Fukui: Dinosaur museum takes visitors to prehistoric world

The Yomiuri Shimbun
A Tyrannosaurus robot moves at the Fukui Prefectural Dinosaur Museum.

KATSUYAMA, Fukui — What looks like a giant silver egg among deep-green trees is actually the domed building of the Fukui Prefectural Dinosaur Museum, the hub of Katsuyama Dinosaur Forest Park.

The museum has been one of the leading dinosaur research centers in Japan, since a succession of fossils of new dinosaur species began to be unearthed in the area.

Visitors can see a number of full-body skeletal specimens of dinosaurs at the museum and experience excavating fossils in a nearby area. I stepped into the “dinosaur kingdom” to get a sense of the prehistoric creatures.

Excavation experience

On a hot, humid day in late August, parents and children at the excavation experience venue in the park, looked intently at rocks dating to the early Cretaceous period, about 120 million years ago. The real excavation site, Kitadani Dinosaur Quarry, is located about 7 kilometers northeast of the venue, and the rocks were brought from there.

“Plant and shellfish fossils are the most common finds, but dinosaur bones have also been found here,” a guide said. Having listened to the explanation, participants placed the tips of their chisels against the rocks and swung their hammers with a clang.

“They’re hard to find. Even so, I can’t help but search diligently,” said a 37-year-old man from Saitama Prefecture. His 9-year-old daughter said, “I’d be happy to find a plant fossil.”

One participant found a turtle shell.

I rode the long escalator down to the basement of the egg-shaped museum, and had the illusion of stepping back in time. In the basement, I was greeted by a robot resembling a Tyrannosaurus. The 7-meter-tall carnivorous behemoth rocked violently and growled at visitors. I flinched a little at the realism.

The ancient world is spread across the floor, with 44 full-scale skeletal specimens — 10 of which are composed of authentic fossils — including the large herbivorous dinosaur Brachiosaurus and the carnivorous Allosaurus. There are also life-size dioramas.

“We value devices that get one thinking about how dinosaurs moved, roared and lived,” museum director Toshihisa Takeuchi said.

In 2009, the dinosaur museum purchased a nearly complete fossil of the herbivorous dinosaur Camarasaurus from the United States, and exhibited the process of removing rock from fossils, assembling the skeleton and putting it on display. Thanks in part to such efforts, the museum became even more popular, and the total number of visitors since its opening in 2000 surpassed 12 million in August.

The facility is currently undergoing partial remodeling and will reopen next summer with a new building that will have a giant screen where visitors will be able to watch dinosaurs moving, and an area where they can try removing a fossil from a rock.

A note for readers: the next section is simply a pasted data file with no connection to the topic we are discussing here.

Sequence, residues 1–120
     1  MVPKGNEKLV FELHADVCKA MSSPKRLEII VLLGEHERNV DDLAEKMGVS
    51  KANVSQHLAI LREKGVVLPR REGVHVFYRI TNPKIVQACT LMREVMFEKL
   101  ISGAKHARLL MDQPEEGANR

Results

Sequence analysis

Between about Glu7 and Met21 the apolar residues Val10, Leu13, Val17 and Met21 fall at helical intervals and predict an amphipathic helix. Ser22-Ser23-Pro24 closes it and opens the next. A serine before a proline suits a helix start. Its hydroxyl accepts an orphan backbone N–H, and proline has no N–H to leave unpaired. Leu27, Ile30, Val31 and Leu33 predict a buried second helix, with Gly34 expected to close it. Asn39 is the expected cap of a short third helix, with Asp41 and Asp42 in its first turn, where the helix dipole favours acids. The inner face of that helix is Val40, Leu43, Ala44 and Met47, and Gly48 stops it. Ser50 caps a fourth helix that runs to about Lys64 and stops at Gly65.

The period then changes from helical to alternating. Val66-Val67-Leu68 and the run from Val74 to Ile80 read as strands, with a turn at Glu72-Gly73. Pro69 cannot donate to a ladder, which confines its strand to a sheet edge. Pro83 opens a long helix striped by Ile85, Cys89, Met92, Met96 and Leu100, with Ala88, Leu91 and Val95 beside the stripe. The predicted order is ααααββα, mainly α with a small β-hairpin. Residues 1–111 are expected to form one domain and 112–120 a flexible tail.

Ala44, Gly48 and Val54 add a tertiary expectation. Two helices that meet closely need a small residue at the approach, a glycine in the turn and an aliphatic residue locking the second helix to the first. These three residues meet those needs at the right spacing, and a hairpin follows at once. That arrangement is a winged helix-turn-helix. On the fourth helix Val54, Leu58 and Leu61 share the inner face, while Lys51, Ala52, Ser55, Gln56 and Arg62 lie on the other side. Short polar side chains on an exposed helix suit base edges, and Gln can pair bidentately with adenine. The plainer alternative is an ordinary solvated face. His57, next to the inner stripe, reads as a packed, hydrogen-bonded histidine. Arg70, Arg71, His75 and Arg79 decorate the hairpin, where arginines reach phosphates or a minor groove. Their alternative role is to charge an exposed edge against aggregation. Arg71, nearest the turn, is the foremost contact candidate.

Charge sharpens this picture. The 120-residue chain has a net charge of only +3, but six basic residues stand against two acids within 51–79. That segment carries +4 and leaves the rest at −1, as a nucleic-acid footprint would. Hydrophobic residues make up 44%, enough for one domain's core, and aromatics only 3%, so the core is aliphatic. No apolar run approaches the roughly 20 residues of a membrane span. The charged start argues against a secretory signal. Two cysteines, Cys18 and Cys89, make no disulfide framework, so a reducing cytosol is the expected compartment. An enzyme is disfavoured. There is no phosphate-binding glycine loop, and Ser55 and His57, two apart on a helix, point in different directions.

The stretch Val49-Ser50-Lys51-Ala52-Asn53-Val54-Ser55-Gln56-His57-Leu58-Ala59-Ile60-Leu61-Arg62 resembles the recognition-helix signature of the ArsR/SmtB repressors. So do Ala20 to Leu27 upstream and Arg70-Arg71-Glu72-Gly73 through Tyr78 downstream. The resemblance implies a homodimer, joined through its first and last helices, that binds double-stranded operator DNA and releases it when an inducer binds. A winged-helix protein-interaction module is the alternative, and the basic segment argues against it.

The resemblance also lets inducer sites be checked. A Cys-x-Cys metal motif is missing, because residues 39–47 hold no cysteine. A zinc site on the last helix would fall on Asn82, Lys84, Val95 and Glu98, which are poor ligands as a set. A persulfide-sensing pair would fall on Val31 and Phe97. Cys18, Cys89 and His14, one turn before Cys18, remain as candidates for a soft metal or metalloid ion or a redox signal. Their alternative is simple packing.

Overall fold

“We hope the new facility will bring dinosaurs back to life in visitors’ minds and also have them experience the world back then,” Takeuchi said.

Research base

Until serious research began in 1989, the valley home to the Kitadani Dinosaur Quarry had no prior connection to dinosaurs.

But as more and more fossils were discovered, including those of five new species — iguanodontian Fukuisaurus and theropod Fukuiraptor among them — dinosaur research centered on the museum has developed. Many paleontology specialists come to Katsuyama, making the city one of the country’s leading research centers.

“We have an excavation site and can use it for free research. That’s our advantage,” said Masateru Shibata, a senior researcher. Dinosaur teeth have been found in the fourth excavation since 2013, and new bones are expected to be discovered.

The museum has conducted excavations in Tokushima, Nagasaki and Kumamoto prefectures jointly with local institutes as well as in China and Thailand. In 2013, the Dinosaur Research Institute was established at Fukui Prefectural University, which has created an environment for nurturing the next generation of researchers in collaboration with the museum.

“We’ll continue excavations throughout Asia to reveal dinosaurs as yet undiscovered,” said Shibata, who is also an associate professor at the university.

I’m looking forward to the day when those who studied here make a significant mark on dinosaur research around the world.

Extend your trip

Field Station

Courtesy of the Fukui Prefectural Dinosaur Museum
The Field Station

The Field Station was opened in 2014 in an area overlooking the Kitadani Dinosaur Quarry, which is about 7 kilometers away from the Fukui Prefectural Dinosaur Museum. Visitors get on a special bus to the site from the museum to join a 2-hour tour that lets them visit the quarry, see dinosaur footprint fossils and try fossil excavation in the same way as at Katsuyama Dinosaur Forest Park, while listening to an explanation about the history of dinosaur research. Admission is ¥1,220 for adults, ¥1,020 for high school and college students and ¥610 for elementary and junior high school students. Reservations are required.

Tours run from April to November. They were canceled this year because a landslide caused by heavy rain in early August made it difficult to access the site, and it has not yet been decided when tours will resume.

How to get there

The Yomiuri Shimbun

Katsuyama Dinosaur Forest Park is a roughly 15-minute bus ride from Katsuyama Station on the Echizen Railway or about 10 minutes by car from the Chubu-Jukan Expressway’s Katsuyama Interchange. Admission to the Fukui Prefectural Dinosaur Museum is ¥730 for adults, ¥420 for high school and college students and ¥260 for elementary and junior high school students. Reservations are required due to the pandemic. A trial excavation is available by appointment and costs ¥1,050 for adults, ¥850 for high school students and ¥530 for junior high school students and younger.